Wendy Red Star is a member of the Apsáalooke tribe and a prolific Native American artist whose work centers around her identity as a Native American woman and uplifting the voices of those who came before her. Her work is often poignant and critical, and “The Soil You See” is no exception. In 2023, she, along with six other artists, was commissioned to create an installation for the National Mall in Washington, D.C

Red Star created “The Soil You See,” the sculpture is a memorial to the former Apsáalooke leaders who had been forced to sign treaties with the United States, signing away their land. The piece figures Red Star’s fingerprint in red propped on a granite boulder. The names of the Apsáalooke leaders who had signed these treaties are inscribed on the fingerprint. The piece clearly calls into focus her identity and effectively calls out the unjust treatment the Apsáalooke have suffered. She reminds the viewers that these people still exist and persevere.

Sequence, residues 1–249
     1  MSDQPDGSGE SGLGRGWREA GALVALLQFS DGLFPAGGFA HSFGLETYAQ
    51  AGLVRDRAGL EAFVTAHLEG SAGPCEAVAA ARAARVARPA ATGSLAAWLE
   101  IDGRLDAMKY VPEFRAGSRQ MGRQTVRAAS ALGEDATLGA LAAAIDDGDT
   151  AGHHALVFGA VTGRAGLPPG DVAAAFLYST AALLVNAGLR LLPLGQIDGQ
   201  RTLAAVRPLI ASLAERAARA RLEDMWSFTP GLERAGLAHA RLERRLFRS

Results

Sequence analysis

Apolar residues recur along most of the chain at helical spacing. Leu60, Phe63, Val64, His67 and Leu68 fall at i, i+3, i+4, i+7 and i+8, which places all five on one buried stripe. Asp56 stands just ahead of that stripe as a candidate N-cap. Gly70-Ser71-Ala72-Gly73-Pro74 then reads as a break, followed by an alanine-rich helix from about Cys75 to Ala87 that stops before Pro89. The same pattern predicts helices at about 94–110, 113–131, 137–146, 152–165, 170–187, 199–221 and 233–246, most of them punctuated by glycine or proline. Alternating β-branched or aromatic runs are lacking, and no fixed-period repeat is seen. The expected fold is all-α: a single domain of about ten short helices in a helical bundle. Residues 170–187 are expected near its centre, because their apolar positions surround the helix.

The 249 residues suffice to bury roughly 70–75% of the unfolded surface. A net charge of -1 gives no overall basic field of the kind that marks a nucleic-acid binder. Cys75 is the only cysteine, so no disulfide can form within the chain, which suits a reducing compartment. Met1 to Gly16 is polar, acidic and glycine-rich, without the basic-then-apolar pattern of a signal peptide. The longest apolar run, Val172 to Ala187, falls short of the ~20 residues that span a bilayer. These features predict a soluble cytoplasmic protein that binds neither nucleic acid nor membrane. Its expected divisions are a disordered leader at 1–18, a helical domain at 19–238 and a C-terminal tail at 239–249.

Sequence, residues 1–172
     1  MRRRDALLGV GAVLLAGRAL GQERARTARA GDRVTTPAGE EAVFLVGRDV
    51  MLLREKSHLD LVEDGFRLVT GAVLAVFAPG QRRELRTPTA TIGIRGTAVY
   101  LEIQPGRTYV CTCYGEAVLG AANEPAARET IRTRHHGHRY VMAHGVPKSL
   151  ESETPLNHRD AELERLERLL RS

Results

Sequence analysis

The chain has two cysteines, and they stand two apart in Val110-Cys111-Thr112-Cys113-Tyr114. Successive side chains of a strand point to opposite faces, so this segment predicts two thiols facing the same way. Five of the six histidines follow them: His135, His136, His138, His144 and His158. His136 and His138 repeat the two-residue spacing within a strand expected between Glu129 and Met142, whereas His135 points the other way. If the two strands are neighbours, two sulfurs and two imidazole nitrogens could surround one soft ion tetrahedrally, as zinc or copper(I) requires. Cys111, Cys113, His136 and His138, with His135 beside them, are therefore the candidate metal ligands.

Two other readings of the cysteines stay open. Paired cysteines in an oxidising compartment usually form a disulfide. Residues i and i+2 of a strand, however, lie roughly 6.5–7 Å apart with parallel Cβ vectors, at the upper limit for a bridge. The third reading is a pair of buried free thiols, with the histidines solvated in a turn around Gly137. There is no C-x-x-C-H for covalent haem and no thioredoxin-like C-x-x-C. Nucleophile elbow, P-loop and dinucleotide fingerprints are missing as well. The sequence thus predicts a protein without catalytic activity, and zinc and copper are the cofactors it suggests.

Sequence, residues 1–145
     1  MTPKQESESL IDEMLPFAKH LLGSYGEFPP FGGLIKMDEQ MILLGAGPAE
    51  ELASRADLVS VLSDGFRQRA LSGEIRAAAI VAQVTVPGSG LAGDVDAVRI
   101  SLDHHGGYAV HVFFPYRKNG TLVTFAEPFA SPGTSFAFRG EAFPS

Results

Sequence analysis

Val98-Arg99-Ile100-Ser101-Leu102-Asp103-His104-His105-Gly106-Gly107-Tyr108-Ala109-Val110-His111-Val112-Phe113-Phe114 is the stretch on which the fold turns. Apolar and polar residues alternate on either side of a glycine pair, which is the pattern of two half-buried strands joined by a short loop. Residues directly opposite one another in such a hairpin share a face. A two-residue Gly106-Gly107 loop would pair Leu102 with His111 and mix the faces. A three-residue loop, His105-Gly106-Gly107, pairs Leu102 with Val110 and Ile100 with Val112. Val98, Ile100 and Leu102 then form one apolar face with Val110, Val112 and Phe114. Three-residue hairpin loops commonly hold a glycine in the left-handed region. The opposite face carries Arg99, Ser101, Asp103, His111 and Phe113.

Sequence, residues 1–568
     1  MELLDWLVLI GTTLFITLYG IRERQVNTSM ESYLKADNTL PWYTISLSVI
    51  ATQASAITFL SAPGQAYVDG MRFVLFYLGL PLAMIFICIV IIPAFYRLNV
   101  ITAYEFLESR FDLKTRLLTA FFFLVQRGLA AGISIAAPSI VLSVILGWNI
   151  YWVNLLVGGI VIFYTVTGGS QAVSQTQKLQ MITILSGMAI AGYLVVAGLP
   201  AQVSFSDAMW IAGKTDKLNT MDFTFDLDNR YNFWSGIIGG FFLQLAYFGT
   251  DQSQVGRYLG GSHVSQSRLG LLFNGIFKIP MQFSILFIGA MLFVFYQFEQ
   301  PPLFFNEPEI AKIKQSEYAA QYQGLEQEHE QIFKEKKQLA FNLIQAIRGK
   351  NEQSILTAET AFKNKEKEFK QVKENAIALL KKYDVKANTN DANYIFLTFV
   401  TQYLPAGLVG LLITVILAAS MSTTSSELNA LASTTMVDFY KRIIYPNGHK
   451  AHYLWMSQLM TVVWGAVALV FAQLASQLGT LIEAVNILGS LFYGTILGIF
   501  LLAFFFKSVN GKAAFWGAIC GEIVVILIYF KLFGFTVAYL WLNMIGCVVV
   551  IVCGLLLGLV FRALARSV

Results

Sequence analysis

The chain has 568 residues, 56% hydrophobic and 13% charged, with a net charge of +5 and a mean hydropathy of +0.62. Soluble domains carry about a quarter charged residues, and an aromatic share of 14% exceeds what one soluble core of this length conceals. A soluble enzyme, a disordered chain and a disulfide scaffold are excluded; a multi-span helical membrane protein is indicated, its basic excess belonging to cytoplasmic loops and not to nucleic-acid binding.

Judy Baca, Mi Abuelita, 1971

Judy Baca,  Mi Abuelita, 1971
Judy Baca, Mi Abuelita, 1971 via Wiki Images

Judy Baca is a Mexican American artist renowned for her large-scale public installations and murals. Among her most famous works is the mural titled “Mi Abuelita.” This warm-colored project envelopes three walls on the outdoor stage of Hollenbeck Park in Los Angeles. The mural depicts a Mexican American abuelita (granny) outstretching her arms as if she envelopes all who view it. It is a universal statement reminding us all of the matronly love we’ve experienced throughout our lives, no matter what form that may take. The unifying ideas of the mural don’t just end with its subject; part of Baca’s goal in creating this piece was to use a collective process of deploying art to act as a middle ground for the gang violence in the city at the time.